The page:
British Journal of Anaesthesia 1992; 69 (Suppl. 1): 33S-39S
POSTOPERATIVE NAUSEA AND VOMITING IN DAY-CASE SURGERY B. V. WETCHLER
NAUSEA AND VOMITING
Opioid analgesics Opioid analgesics are highly effective in both the prevention and treatment of postoperative pain. Controversy surrounds the use of opioid analgesics in the day-case patient because they may increase postoperative nausea and vomiting. The use of an opioid and nitrous oxide anaesthesia is associated with a greater incidence of nausea and vomiting than an i.v. or inhalation anaesthetic . However, there are several studies which suggest that an opioid supplemented anaesthetic technique (fentanyl 1.5-21lg kg- 1 i.v. or alfentanil 6-81lg kg- 1 i.v.) results in earlier ambulation and discharge from the day-case unit [15,21,55,64]. Pain Andersen and Krohg established, in an inpatient population, a relationship between postoperative pain and the frequency of nausea in the early postsurgical period . Complete pain relief without simultaneous relief of nausea was unusual. Patients who had inadequate pain relief and continued to have nausea after the first analgesic injection (50 % of the patients) were relieved of both complaints after a supplementary dose of an opioid. Only 10 % of patients complained of postoperative nausea without accompanying pain. J akobsson and colleagues noted that pain increases postoperative nausea and vomiting . However, Parnass, McCarthy and Ivankovich, when evaluating the role of pain on postoperative nausea and vomiting
Anaesthetic agent and technique Lonie and Harper noted a significant decrease in the incidence of postoperative nausea and vomiting in outpatients undergoing laparoscopic surgery when nitrous oxide was omitted from the anaesthetic regimen . In female patients undergoing minor gynaecological procedures (dilatation and curettage, cone biopsy, and laser ablation of vulvar lesions), Melnick and Johnson found a decrease in nausea and vomiting when nitrous oxide was omitted from isoflurane and oxygen anaesthesia . Recent studies on women undergoing laparoscopic surgery did not suggest that nitrous oxide was a prime causative factor in the incidence of postoperative nausea and vomiting [20, 53] (table I). The mechanism of vomiting associated with nitrous oxide may be related to reduced middle ear pressure during recovery, stimulating the vestibular system by placing traction on the round window membrane . Montgomery, Vaghadia and Blackstock studied this problem and found no association between postoperative reduction in middle ear pressure and postoperative vomiting in outpatient paediatric patients after nitrous oxide and halothane anaesthesia . None of the studies that examined the relationship of nausea and vomiting after laparoscopy with the use of nitrous oxide considered the day of menstrual I. Nitrous oxide as a factor in nausea and vomiting. Percentage of patients experiencing nausea and vomiting who received or did not receive nitrous oxide (N 20)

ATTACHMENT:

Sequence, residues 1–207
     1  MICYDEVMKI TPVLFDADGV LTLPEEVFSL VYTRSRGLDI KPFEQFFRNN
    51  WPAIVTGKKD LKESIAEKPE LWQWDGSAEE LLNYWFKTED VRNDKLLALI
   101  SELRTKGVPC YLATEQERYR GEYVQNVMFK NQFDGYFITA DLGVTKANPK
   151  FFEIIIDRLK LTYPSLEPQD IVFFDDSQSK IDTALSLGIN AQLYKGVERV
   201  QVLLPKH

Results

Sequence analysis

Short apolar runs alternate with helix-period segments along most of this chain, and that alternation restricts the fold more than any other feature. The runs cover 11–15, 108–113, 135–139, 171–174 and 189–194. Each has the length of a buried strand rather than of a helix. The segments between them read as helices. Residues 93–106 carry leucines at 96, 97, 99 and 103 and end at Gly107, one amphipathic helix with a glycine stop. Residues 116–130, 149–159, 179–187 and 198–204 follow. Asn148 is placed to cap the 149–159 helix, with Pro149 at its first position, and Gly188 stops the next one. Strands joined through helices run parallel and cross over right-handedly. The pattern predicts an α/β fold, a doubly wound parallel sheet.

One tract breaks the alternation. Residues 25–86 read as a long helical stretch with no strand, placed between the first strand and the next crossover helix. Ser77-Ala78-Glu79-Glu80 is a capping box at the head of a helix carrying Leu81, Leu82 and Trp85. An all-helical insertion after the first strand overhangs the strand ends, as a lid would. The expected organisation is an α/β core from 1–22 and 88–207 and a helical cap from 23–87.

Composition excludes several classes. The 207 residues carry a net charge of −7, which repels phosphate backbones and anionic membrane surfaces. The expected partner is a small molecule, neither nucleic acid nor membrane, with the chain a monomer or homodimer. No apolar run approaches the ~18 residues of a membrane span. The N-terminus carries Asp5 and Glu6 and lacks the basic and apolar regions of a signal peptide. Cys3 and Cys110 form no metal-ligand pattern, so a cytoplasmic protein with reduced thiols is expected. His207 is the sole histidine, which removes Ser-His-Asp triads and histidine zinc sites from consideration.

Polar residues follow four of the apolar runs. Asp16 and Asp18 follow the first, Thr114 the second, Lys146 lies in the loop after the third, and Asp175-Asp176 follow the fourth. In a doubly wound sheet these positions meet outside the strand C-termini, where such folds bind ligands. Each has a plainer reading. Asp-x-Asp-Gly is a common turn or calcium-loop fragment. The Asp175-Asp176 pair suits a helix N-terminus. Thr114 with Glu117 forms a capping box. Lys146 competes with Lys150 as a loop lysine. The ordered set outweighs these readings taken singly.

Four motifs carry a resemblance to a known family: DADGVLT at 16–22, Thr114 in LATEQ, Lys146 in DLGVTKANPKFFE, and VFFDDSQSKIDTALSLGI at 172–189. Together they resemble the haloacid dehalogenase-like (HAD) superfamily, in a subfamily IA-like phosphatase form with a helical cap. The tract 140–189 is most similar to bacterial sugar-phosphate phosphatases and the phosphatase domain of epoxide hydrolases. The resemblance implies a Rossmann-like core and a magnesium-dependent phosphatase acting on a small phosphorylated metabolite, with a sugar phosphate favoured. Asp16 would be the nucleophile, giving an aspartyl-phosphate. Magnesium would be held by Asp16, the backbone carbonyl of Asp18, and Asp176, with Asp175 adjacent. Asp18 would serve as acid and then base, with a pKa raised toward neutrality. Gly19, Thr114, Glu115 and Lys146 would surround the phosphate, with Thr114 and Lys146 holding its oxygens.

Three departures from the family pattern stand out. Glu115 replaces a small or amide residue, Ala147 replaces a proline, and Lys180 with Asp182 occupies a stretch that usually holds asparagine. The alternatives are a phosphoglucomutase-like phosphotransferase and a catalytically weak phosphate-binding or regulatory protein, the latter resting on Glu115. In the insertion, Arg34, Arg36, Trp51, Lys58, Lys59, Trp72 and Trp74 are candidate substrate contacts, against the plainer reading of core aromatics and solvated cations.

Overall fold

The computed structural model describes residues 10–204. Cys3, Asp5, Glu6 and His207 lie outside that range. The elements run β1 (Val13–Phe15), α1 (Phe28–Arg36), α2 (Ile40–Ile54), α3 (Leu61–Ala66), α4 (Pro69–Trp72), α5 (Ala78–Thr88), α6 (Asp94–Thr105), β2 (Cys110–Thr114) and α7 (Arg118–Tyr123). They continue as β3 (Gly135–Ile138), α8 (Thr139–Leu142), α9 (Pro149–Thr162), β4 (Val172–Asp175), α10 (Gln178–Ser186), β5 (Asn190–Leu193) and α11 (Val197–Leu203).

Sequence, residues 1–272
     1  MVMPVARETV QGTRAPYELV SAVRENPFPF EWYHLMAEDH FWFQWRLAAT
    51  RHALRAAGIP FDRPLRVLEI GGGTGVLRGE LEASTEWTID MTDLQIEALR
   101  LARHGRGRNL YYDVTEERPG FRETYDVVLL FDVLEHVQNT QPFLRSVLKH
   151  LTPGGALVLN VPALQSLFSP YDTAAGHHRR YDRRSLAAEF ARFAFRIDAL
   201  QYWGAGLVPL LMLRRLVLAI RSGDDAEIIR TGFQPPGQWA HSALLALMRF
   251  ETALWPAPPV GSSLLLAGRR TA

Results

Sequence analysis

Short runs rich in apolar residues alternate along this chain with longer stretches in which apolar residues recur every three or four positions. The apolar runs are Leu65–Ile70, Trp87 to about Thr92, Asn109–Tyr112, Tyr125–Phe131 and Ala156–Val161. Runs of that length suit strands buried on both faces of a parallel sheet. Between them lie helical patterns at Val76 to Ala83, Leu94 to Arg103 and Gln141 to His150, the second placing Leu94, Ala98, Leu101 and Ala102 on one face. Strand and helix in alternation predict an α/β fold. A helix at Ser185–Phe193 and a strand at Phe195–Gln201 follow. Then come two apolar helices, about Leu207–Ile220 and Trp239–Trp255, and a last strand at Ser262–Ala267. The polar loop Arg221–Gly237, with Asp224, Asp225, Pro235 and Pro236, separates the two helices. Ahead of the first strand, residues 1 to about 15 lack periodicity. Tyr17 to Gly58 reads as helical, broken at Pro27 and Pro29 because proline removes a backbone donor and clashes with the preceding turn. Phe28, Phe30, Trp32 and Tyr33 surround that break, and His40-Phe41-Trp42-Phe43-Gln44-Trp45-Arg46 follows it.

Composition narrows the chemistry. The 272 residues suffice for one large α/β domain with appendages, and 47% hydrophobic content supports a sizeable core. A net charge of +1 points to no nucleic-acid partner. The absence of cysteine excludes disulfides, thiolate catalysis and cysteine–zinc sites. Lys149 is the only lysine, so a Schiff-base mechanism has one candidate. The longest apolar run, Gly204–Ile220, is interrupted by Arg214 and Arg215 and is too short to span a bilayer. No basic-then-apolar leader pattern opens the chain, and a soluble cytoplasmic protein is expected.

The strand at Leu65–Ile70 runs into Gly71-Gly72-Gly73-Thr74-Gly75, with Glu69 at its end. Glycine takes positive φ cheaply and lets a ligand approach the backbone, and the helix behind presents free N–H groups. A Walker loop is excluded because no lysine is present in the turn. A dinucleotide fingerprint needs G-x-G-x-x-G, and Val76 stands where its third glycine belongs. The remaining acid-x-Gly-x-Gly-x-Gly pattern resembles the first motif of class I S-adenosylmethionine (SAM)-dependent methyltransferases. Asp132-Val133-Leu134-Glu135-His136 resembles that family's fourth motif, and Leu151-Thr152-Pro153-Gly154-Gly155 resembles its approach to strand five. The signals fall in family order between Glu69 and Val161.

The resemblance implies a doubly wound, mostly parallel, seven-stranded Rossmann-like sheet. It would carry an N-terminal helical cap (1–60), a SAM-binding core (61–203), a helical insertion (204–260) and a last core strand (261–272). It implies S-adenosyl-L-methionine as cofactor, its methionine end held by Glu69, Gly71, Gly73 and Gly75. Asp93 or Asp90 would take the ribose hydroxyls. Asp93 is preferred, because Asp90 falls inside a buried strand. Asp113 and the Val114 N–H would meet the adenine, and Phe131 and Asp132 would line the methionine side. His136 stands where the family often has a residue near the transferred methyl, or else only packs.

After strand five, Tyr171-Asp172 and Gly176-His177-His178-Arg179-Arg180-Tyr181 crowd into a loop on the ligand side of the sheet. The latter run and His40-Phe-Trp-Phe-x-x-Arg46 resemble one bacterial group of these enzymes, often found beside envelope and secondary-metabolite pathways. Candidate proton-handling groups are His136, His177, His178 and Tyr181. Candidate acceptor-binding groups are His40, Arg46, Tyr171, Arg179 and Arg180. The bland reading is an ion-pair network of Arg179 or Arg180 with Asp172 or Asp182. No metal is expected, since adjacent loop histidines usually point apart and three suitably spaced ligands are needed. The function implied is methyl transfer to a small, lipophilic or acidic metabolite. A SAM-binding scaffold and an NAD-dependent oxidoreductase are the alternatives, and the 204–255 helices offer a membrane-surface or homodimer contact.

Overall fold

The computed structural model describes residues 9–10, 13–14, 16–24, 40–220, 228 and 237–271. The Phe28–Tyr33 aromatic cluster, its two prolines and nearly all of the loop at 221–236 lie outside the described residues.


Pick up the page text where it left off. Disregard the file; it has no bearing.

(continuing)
Patients with nausea and vomiting ('/0) Study Lonie and Harper (34) Melnick and Johnson (38) Sengupta and Plantevin [53) Hovorka and colleagues (20)
29% 25";;, 51 % (nausea) 18 % (vomiting) 34%
4% 3.2% 39%
(Br. J. Anaesth. 1992; 69 (Suppl. 1): 33S-39S) KEY WORDS Surgery: day care. Vomiting: nausea.
V. WETCHLER, M.D., Department of Anesthesiology, Methodist Medical Center of Illinois, 221 NE Glen Oak, Peoria, IL 61636, U.S.A.
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Nausea and emesis are the most common side effects in the postanaesthesia care unit (PACU). Contributory factors include opioid analgesic drugs, pain, the anaesthetic agent or technique, sudden movement or positional changes, a history of motion sickness, hypotension, obesity, the site of surgical operation, day of menstrual cycle and oestrogen level. Admission to hospital from a day-case unit may result not only from uncontrolled nausea and vomiting, but also from prolonged somnolence after treatment with potent antiemetics .
in day-case patients undergoing arthroscopic knee procedures, found the incidence of postoperative nausea and vomiting was similar between patients with and without pain .
BRITISH JOURNAL OF ANAESTHESIA II. Aleal/ (SD) recovery roo III (RR) tillle and nausea and ~'ollliting in patients undergoing different opera/iollS. 1